The punters were loving it in the packed grandstands at Leopardstown during the two days of the Dublin Racing Festival as favourite after favourite went in, writes Tony Stafford. A host of Grade 1 races meant a conveyer belt of superb winners, confirming the power of the big stables almost in the manner of the Cold-War style May Day Parades in Moscow’s Red Square.
For armoured tanks and missile launchers read Mullins chasers and hurdlers, Elliott juveniles and handicap chasers not to mention the odd De Bromhead stealth bomber still to taste defeat in 14 faultless sorties.
Honeysuckle and Blackmore; Chacun Pour Soi and Townend; and, most demoralising for all the existing Gold Cup stars, a demolition job by Conflated and Russell in the Paddy Power Irish Gold Cup, at 18-1 which brought only a temporary respite for the layers on Saturday.
Conflated can certainly describe Mr Ryanair. He has the twin roles of running Ireland’s most visible and visibly competitive airline along with a still massive undertaking with Gigginstown House Stud. The culls in the latter direction have clearly become evident. Only nine in the maroon colours appeared during the two days and 15 races of the Festival, a long way short of the days when the sort of big-money handicap chases and hurdles on offer here would have usually included half a dozen of his representatives in each. Whatever happened to all those caps? JP’s are all different colours to theirs so no taker there!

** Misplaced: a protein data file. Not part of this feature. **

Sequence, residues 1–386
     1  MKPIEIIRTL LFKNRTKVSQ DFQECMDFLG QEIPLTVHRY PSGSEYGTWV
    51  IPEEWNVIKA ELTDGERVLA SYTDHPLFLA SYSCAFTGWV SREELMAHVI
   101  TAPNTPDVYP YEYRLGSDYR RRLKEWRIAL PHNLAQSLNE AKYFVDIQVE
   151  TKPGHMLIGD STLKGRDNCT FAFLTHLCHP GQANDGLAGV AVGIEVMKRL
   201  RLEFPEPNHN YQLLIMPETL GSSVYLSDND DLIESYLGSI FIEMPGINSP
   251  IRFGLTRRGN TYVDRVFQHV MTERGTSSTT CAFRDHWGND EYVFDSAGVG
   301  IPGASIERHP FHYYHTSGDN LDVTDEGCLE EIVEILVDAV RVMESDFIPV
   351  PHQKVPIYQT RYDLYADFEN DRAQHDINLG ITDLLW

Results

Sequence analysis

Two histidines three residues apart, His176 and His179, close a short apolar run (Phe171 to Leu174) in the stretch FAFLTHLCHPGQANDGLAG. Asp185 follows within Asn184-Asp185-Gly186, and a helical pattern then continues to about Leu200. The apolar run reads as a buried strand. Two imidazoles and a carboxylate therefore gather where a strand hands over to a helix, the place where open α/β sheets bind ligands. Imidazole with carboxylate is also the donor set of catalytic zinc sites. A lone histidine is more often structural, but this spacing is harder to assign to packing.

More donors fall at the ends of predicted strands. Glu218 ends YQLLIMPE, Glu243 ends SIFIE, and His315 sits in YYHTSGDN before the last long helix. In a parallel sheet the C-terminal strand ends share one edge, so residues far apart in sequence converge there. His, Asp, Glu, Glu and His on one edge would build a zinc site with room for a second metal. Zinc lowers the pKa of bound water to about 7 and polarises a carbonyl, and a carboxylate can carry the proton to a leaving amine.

Gordon Elliott’s suspension last year coupled with the Covid restrictions were a convenient moment conflatedly to confirm Michael O’Leary’s support for Elliott and at the same time accelerate the cull. The horse Conflated, happily for the magnate and his racing manager brother Eddie, ran in the Gold Cup despite Eddie’s view he had no chance.
The relative outsider, although well backed in the lead-up to the race, had far too much speed for last year’s Cheltenham Gold Cup winner Minella Indo – showing something of his true self – and the rest. The one coming through late into the Gold Cup field often beats the established stars at Cheltenham. He usually has had fewer hard battles and knocks lingering in the recesses of his consciousness to shrink from on the big day.
We – or at least our trainers – moan about the way the Irish come and pinch our biggest prizes every March, with last year’s almost total oblivion, perhaps, being the final straw. Paul Nicholls seems to err on the cautious side at Cheltenham these days in favour of more serious involvement at Aintree at the Grand National meeting but he did make a challenge for two of this weekend’s big prizes.
Frodon, who had beaten Minella Indo at Down Royal on their joint reappearance back in the autumn – with Galvin splitting the pair – does not have a Cheltenham entry this year. This was his Cheltenham, running in a three-mile rather than three-and-a quarter-mile Gold Cup on Saturday.